Long conversation


Man: Miss Yamada, did you ever think that you would find yourself living and working in the western world?
Woman: No, not really, although I’ve always listened to recordings of great orchestras from Europe.
Man: So you enjoyed classical music even when you were very young?
Woman: Oh, yes. I was an only child.
Man: You were born in 1955, is that right?
Woman: Yes, I began violin lessons at school when I was 6.
Man: As young as that, did you like it?
Woman: Oh, yes, very much.
Man: When did you first play on your own? I mean, when did you give your first performance?
Woman: I think I was 8…? No, Nine. I just had my birthday a week before, and my father had bought me a new violin. I played a small piece at the school concert.
Man: Did you know then that you would become a professional violinist?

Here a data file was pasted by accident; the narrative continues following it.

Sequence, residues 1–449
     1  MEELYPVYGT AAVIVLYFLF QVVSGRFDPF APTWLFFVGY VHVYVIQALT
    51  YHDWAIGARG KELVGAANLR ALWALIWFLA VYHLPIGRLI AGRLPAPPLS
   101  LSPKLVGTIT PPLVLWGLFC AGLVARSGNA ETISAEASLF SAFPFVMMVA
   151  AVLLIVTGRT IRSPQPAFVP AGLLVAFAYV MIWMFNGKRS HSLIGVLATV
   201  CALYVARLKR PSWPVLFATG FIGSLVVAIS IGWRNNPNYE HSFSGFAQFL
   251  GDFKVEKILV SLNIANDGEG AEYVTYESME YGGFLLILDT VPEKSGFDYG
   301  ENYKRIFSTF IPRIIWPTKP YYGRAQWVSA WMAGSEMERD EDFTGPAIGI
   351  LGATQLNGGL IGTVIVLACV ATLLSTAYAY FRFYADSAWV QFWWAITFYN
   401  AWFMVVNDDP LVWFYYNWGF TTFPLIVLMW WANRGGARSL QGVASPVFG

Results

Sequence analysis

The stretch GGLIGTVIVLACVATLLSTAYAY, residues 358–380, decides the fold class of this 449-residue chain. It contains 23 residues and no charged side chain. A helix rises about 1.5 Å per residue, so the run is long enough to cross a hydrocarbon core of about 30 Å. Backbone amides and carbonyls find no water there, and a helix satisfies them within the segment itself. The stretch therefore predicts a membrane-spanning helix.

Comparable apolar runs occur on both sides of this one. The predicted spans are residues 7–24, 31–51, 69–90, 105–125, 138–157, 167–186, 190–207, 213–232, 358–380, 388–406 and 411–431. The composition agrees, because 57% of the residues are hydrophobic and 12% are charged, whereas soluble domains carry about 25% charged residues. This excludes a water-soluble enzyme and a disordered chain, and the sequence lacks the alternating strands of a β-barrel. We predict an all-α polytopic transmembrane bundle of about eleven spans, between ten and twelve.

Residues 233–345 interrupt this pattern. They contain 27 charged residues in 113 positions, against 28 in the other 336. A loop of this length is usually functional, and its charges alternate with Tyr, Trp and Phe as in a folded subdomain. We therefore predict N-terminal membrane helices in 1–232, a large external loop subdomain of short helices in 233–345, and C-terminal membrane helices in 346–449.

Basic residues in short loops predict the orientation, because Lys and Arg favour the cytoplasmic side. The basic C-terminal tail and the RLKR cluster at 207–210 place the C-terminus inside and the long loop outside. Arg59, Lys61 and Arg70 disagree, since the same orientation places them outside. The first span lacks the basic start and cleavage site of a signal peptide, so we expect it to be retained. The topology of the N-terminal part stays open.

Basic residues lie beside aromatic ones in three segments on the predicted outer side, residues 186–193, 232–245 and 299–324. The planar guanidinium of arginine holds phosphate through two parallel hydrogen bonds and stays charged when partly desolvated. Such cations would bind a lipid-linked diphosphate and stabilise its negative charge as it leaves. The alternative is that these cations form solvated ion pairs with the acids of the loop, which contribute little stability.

Woman: Yes, I think so. I enjoy playing the violin very much, and I didn’t mind practicing, sometimes three or four hours a day.
Man: And when did you first come to Europe?
Woman: I was very lucky. When I was fifteen, I won a scholarship to a college in Paris. That was for a three-year course.
Man: How did your parents feel about that?
Woman: I think they were pleased and worried at the same time. It was the chance of a lifetime. But of course I would be thousands of miles from home. Anyway, I studied in Paris for three years and then went back to Tokyo.

13. What do we know about the woman before she went to Europe?
14. What does the woman say about her music experience?
15. What does the woman say about her study in Paris?